When the Bishop Highline Apartments open in early June in the Bishop Arts neighborhood of Dallas, the four-story west-facing wall at N. Adams and Melba will feature the work of an artist who will never get to see the finished mural.
That's because the man painting it is legally blind.
Monday morning I found artist John Bramblitt six-feet up a ladder, a paintbrush in his hand, and whistling "if I only had a brain."
"I don't know why but every once in a while that song pops in my head," he laughed.
Bramblitt, 47, suffered irreparable damage to his optic nerve from epileptic seizures and other health problems while still a student at the University of North Texas in Denton. He had plans to be an English teacher but channeled some of his frustrations into his art instead.
"Well, when I first started to be honest, I thought I was crazy," he said. "I thought I was out of my mind."
But with the help of his wife, Jacqui, he found out he could place his paints in rainbow order, label them with braille, and paint by feel. When he's working on canvas in his own Denton studio he usually works completely alone.
"The yellow feels a little bit different than the other colors. The black feels different than the other colors. It gives you a tactile way to be able to feel the wall and understand where you are and what you're doing. So it's the same way to get around a canvas that I get around a street," he said.
And John Bramblitt is definitely getting around. His work on canvas is in demand around the world. He's served as an art instructor to hundreds of visually impaired students across the United States. And by the time the Bishop Highline Apartments mural is done in June to celebrate the grand opening of the complex, this will be his second outdoor mural and the first in his hometown.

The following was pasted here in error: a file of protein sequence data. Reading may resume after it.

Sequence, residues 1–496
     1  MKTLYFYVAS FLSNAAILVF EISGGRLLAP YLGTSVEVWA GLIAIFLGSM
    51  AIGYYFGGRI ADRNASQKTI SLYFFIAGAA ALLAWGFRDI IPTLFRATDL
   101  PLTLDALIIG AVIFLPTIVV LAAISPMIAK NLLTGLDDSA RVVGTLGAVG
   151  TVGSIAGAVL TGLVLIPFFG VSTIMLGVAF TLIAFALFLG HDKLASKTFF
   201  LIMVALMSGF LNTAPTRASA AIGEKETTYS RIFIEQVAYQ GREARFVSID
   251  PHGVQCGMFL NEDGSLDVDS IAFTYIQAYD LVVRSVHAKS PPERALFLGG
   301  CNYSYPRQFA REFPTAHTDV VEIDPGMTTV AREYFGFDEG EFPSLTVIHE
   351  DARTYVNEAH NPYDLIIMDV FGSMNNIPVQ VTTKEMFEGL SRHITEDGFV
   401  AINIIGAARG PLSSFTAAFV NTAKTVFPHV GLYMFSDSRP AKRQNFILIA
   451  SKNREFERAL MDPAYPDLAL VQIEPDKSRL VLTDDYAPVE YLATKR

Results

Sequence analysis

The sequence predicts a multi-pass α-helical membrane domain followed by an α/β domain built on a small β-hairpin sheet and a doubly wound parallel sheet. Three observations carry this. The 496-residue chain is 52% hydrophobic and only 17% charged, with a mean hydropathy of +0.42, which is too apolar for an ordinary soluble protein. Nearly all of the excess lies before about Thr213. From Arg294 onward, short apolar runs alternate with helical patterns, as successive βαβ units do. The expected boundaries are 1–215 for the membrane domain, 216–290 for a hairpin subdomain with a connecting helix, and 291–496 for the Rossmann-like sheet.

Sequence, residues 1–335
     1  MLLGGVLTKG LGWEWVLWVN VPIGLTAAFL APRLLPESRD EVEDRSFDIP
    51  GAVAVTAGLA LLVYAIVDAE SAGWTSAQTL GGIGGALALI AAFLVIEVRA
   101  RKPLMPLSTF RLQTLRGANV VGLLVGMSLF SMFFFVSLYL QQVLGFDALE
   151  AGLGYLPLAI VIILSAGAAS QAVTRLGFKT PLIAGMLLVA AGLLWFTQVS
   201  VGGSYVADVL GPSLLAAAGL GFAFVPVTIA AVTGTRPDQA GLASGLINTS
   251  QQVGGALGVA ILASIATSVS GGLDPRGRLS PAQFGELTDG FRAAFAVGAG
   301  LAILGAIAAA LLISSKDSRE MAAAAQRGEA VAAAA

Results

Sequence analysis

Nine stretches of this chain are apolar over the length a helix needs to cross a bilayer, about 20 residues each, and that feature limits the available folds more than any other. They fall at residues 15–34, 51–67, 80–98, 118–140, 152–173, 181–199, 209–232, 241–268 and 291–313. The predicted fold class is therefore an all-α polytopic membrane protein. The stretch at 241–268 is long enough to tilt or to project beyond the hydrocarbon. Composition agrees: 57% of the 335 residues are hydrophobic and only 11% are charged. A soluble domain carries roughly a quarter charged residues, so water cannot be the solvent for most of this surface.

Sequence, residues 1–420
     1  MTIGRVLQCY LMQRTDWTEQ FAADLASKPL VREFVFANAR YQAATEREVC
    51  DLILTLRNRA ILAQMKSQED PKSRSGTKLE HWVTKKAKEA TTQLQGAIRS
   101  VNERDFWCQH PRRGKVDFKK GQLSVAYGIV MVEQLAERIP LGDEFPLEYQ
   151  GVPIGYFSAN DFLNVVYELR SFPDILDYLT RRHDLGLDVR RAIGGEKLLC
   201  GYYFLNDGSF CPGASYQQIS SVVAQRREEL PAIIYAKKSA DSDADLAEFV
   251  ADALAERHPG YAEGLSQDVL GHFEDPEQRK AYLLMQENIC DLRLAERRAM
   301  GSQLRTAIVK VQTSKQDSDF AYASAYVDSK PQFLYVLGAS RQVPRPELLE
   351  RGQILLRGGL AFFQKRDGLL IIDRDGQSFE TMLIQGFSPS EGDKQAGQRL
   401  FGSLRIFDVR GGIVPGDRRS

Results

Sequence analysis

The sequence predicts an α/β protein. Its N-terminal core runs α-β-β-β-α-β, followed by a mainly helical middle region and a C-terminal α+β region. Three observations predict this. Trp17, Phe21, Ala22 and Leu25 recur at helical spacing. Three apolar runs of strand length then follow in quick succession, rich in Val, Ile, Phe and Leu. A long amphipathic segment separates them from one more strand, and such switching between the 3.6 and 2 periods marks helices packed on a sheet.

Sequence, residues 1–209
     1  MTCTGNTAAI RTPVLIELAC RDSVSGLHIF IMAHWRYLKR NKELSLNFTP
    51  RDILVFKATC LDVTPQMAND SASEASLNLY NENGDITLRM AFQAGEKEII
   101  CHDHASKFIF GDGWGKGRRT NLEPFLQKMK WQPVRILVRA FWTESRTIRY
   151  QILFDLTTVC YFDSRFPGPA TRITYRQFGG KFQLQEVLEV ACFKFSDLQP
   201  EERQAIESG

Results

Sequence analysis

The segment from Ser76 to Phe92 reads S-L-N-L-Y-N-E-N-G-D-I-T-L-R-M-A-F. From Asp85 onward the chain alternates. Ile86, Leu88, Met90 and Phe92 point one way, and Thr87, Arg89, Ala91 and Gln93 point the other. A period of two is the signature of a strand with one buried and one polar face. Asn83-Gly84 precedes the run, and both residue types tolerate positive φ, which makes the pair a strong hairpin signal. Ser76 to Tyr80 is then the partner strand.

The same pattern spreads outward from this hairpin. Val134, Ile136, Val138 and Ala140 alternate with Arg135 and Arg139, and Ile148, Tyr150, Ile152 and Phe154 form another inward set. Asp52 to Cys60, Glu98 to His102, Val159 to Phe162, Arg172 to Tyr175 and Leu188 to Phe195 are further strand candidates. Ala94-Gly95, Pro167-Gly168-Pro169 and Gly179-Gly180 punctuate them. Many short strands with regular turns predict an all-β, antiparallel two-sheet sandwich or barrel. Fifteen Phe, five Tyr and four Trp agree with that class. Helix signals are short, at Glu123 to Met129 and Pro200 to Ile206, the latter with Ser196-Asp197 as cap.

"Art was my way to reconnect with people to say that hey I'm still me in here," Bramblitt said.
"It does surprise me that somebody who can't see the finished product still wants to produce it," Jacqui Bramblitt said. "But I know from years of being with him that he sees it. He just sees it in his head."
"Whenever I was first losing my eyesight, I thought everything was over. I thought my life was over," John Bramblitt said with his guide dog, "Eagle" sleeping next to him. "This painting is a painting of joy. It's a painting of optimism. I know the more that I paint the brighter, the colors need to be, because the happier I am."
John doesn't name each piece of artwork until he finishes it. So he has a few more weeks to come up with something. In our interview, he may have hit on an idea.
"So it's just a dream come true," he said of being able to paint the mural in Dallas and add his unique touch to the art landscape in Bishop Arts. "To me, it's just incredible. It's miraculous."
When Bishop Arts sees the finished product that he can't, they'll likely think the artist and his work are pretty miraculous too.